Photography Composition Tip and Assignment: Interesting Point of View
What do you think are the two least used, and probably most important, pieces of your photography gear? I’ll give you a hint: you can’t buy them at a camera store. This is part two in a series of videos about composition tips based on assignments I give to Introduction to Photography students at Highline […]
What do you think are the two least used, and probably most important, pieces of your photography gear? I’ll give you a hint: you can’t buy them at a camera store.
This is part two in a series of videos about composition tips based on assignments I give to Introduction to Photography students at Highline College. Click here to read the first tip, “Embrace Repetition.”
In my experience, the two least used pieces of photography gear are our arms and legs. It’s easy to stand in one spot and use the zoom. It’s easy to forget to look up or down. It’s easy to be satisfied with the first or second good enough photo and not create the fantastic photo that may be just a step or turn of the head away.
What’s so special about using our arms and legs to create interesting points of view for our cameras? Interesting perspectives provide us new and unique views of subjects that differ from the way we see the world at our normal standing height and head angle. Subjects look dramatically different from radical viewpoints above or below, and therefore can be transformed from ordinary into interesting. Using interesting perspectives on ordinary subjects is one of my favorite ways to take photos because I can create photos almost anywhere at almost any time, and not rely on light or location to build interest.
I really became aware of the power of interesting perspectives about 10 years ago. My son was completing his senior project in photography, and I noticed that he intuitively was laying down on the ground, kneeling, looking up vertically, and finding interesting places to place the camera in his compositions.
By doing this, he was creating interesting photos of ordinary subjects through the strength of the interest created by the camera point of view. I often remind students that the camera gives you permission to look at the world in ways you never would with your eye. One way to know you’re likely creating an interesting point of view is if you’re a little (or a lot) dirty, sweaty, or achy.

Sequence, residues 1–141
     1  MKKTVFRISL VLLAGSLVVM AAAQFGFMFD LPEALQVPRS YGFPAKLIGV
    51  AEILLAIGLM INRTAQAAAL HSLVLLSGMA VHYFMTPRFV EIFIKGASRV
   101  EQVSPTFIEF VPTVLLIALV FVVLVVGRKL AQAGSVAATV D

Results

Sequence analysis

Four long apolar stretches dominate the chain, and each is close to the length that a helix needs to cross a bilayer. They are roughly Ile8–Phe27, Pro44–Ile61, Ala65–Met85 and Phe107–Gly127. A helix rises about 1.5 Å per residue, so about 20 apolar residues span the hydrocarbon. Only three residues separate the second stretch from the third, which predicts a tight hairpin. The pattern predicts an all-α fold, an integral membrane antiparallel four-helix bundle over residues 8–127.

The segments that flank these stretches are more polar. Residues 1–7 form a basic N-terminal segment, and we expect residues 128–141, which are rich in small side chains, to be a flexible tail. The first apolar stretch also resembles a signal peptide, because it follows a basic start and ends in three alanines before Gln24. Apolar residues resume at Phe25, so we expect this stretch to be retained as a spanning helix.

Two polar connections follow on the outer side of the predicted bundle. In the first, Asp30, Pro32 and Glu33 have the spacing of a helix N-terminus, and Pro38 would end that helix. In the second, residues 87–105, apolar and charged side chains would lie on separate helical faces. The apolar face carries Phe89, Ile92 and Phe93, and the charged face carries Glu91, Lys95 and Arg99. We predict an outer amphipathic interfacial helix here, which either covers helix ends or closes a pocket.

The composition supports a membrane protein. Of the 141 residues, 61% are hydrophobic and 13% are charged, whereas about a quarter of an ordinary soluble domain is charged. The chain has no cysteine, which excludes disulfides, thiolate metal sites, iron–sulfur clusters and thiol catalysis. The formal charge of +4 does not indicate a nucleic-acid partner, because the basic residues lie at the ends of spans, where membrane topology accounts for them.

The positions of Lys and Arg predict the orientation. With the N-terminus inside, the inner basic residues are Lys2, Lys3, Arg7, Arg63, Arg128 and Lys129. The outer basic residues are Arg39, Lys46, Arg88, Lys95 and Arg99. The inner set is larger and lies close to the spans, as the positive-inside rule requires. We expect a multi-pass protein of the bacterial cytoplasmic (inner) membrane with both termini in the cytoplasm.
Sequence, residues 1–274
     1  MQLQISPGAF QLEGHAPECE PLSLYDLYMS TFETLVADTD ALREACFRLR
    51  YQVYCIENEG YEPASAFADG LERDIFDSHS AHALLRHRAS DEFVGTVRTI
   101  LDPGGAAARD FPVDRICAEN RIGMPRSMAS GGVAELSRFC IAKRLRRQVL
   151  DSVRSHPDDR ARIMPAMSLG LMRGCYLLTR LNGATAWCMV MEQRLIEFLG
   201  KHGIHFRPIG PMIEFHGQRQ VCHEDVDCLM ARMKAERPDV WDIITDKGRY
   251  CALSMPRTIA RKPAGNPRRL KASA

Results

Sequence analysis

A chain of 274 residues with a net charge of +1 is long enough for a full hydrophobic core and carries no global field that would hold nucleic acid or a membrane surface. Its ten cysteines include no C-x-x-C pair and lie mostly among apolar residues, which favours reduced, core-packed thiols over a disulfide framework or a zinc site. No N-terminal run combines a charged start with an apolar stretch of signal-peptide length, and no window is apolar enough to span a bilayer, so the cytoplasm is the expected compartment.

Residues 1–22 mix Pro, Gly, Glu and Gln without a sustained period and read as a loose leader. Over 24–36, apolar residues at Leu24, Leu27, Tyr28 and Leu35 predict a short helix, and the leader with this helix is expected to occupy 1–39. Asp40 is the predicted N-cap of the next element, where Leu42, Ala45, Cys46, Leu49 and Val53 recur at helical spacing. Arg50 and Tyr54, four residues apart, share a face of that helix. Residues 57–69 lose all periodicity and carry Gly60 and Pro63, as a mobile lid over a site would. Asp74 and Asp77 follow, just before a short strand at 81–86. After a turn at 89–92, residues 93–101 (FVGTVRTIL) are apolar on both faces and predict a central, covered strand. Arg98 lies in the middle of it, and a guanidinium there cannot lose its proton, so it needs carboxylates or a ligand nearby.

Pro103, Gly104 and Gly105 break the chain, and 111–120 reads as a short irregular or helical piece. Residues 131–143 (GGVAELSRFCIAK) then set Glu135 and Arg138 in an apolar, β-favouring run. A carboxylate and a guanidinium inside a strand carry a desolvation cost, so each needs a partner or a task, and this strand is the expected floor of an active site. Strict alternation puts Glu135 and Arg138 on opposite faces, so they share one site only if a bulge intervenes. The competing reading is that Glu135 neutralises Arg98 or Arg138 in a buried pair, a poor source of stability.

Below are some examples of interesting points of view to try.
- Look up
- Look down
- Get low – use your legs!
- Get above – use your arms. Or a ladder. Or a drone.
- Wide-angle (less than 18mm) – exaggerate sizes, shapes
- Telephoto (200mm+) – compress distance
- Get to the “eye-level” of your subject
- Basically, avoid the viewpoint of normal standing height (You can get away with this ordinary point of view when the subject and light are bringing most of the interest)
Assignments like this give a framework and a general direction to your photo session. They hopefully create just enough structure in which you can feel like you have a starting point for creating photos. Think of it like being given a topic for a short story, rather than “write about whatever you want.”
Here is the assignment:
- Over the next week, create photos using an interesting point of view
- Keep it simple, local so less excuses not to do it.
- Try to do 2-3 sessions of 15+ minutes each
- Select and edit 5-10 favorite photos
- Share to your favorite social channels
Think of these assignments as visual exercises and ways to develop your skills. And, when you’re creating interesting points of view, it can also be physical exercise. Just as an athlete trains for their sport, it will help us to exercise our eyes and minds around the process of creating photos. This means that some photo sessions will be more “productive” from a keeper photo perspective, but all of the photo sessions will have the benefit of time spent creating images and practicing this craft.
About the author: Michael Sladek teaches digital photography at Highline College near Seattle, Washington. He enjoys dad jokes, doughnuts, and helping others discover the fun of creating photos they love. Stay connected with Michael on his website, YouTube channel, and Instagram.